3.2. Neural Correlates of Emotion Recognition
Several brain structures have been suggested to be involved in emotion recognition. For example, lesions to left or right temporal cortex lead to impaired emotion recognition . However, lesions to the basal ganglia [27, 28], the cerebellum , the thalamus , the right inferior parietal cortex, and the anterior infracalcarine cortex  can have the same consequence. It is well known that activity in the amygdala has been strongly linked to recognition of fear , and a lesion of the amygdala causes an impairment in fear recognition [31–33]. However, this does not imply that lesions of the amygdala are the unique cause of impaired fear recognition. For example, a study reported that a lesion to the right infracalcarine cortex also seems to lead to a specific impairment in the recognition of fear . This suggests that even the recognition of one single emotion, in this case the emotion fear, is a process that involves, like all cognitive functions , a network of brain structures.
A meta-analysis of fMRI and PET studies  in healthy controls concluded that the neural network involved in recognition of emotion consists of three important structures. The first is the medial prefrontal cortex (MPFC), which has a general role in emotional processing. The other two are the anterior cingulate cortex (ACC) and the insula, which are more specifically involved in emotion recognition, especially in more cognitive demanding tasks .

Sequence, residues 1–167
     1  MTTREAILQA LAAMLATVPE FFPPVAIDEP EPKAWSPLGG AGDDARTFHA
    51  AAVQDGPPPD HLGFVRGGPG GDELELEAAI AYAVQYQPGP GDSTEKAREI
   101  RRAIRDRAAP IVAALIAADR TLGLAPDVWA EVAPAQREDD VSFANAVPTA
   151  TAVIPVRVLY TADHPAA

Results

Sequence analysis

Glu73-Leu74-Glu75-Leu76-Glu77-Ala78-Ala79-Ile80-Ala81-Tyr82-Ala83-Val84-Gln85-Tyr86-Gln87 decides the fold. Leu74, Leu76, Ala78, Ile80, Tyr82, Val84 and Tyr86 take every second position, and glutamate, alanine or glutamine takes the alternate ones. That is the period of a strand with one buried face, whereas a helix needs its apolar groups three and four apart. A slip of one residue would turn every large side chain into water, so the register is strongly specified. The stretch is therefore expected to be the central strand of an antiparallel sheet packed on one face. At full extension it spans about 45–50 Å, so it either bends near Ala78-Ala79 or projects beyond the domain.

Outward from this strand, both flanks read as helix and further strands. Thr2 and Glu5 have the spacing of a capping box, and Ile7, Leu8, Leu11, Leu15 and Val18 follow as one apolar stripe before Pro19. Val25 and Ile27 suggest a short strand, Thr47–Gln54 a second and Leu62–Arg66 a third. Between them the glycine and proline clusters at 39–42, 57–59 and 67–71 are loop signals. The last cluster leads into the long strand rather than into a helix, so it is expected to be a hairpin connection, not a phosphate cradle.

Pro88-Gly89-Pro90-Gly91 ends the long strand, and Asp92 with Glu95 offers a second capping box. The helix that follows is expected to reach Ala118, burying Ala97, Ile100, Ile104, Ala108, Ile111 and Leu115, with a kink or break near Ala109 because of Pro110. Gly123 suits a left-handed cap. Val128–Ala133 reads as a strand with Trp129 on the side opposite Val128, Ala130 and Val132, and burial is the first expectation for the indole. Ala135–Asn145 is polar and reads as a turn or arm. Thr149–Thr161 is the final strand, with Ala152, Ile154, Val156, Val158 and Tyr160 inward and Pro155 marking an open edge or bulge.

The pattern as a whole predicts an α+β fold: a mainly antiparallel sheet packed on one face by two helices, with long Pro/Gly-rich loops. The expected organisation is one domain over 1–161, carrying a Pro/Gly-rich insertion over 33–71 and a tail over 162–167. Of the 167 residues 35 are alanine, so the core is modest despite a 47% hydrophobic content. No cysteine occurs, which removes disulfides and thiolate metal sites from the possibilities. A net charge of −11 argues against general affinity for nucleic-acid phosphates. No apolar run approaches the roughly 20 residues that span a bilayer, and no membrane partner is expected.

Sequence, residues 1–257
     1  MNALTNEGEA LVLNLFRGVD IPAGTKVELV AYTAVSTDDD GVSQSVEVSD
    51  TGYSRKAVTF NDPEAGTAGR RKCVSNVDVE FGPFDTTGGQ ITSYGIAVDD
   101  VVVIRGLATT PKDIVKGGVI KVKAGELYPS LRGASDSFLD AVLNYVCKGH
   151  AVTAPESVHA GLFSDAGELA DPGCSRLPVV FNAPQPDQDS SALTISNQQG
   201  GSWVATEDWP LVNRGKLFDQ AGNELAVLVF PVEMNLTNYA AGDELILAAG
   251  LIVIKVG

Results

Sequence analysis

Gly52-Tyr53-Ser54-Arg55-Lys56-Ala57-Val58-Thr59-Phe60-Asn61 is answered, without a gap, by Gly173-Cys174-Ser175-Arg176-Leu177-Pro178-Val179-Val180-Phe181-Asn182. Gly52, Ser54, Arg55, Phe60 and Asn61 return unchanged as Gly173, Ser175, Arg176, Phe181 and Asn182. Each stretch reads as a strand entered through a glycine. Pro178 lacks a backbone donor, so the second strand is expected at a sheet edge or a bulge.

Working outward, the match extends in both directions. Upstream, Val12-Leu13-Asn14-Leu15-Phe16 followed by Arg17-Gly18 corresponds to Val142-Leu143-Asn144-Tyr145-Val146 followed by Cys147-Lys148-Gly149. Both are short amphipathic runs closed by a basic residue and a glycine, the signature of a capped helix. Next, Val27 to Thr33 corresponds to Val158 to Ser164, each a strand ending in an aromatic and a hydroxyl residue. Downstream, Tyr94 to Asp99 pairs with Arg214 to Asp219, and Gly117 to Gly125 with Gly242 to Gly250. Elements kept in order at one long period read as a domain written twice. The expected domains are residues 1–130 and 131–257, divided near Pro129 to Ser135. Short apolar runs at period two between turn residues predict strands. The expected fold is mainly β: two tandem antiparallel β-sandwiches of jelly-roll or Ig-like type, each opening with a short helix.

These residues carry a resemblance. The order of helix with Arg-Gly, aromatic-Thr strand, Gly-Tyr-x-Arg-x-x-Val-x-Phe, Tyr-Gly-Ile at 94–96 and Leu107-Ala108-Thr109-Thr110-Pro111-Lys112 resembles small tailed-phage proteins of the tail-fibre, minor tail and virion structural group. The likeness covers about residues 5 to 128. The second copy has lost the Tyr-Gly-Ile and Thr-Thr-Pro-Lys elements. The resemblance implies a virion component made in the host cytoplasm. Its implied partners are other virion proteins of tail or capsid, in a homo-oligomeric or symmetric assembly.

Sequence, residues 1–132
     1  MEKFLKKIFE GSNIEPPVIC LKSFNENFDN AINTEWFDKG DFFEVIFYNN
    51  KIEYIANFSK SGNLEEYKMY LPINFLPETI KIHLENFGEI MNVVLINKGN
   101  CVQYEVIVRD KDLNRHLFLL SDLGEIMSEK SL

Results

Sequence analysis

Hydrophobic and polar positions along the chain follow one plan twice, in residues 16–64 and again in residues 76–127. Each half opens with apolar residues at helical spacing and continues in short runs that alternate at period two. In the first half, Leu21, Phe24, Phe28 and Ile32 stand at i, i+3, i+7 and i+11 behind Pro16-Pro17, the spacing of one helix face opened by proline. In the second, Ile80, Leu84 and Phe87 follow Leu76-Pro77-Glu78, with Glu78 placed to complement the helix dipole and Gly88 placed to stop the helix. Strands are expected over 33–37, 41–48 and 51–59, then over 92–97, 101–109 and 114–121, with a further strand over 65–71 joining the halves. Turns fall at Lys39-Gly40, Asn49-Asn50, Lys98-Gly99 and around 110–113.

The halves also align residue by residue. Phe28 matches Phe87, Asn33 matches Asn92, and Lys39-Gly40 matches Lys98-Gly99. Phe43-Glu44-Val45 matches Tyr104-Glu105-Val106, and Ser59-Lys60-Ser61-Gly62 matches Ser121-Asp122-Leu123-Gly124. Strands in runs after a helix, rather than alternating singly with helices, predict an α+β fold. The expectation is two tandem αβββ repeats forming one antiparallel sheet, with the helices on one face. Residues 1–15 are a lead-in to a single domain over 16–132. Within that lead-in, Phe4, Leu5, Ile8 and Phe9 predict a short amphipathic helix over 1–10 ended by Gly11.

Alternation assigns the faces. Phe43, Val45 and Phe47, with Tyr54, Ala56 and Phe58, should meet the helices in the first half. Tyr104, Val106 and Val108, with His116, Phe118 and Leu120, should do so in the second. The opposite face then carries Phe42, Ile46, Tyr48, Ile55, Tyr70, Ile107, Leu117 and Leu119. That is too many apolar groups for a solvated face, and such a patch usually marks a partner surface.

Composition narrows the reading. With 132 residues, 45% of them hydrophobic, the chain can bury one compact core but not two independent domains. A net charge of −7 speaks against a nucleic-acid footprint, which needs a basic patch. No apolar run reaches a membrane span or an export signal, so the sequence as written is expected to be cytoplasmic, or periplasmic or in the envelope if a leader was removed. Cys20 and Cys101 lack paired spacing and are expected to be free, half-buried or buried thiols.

3.3. The Insula and Emotion Recognition
Because our patient had a stroke involving, among others, the posterior part of the left insula, this specific lesion might have caused the difficulty in recognition of emotion. In behavioral and imaging studies, the insula is found to be engaged in the recognition of disgust [14, 15]. However, less is known about the consequences of a lesion to the insula. Several case studies describe different responses to an acute lesion of the left insula. In one study, a patient had impairments in global cognitive functioning as reflected by cognitive screening with the MoCA , comparable with the case we described. In a double case report, one patient with insular stroke had only slightly slower response times but no impaired emotion recognition . The second case that is described had a subcortical stroke, disconnecting the connections from the insula to the frontal cortex. In this case, an impaired recognition of all negative emotions was found. Another study reported on a patient with behavioral changes after an isolated stroke of the anterior part of the right insula . Although emotion perception was not assessed, an additional SPECT scan showed hypoperfusion in several right anterior brain structures, most of which are thought to be involved in an emotion-network.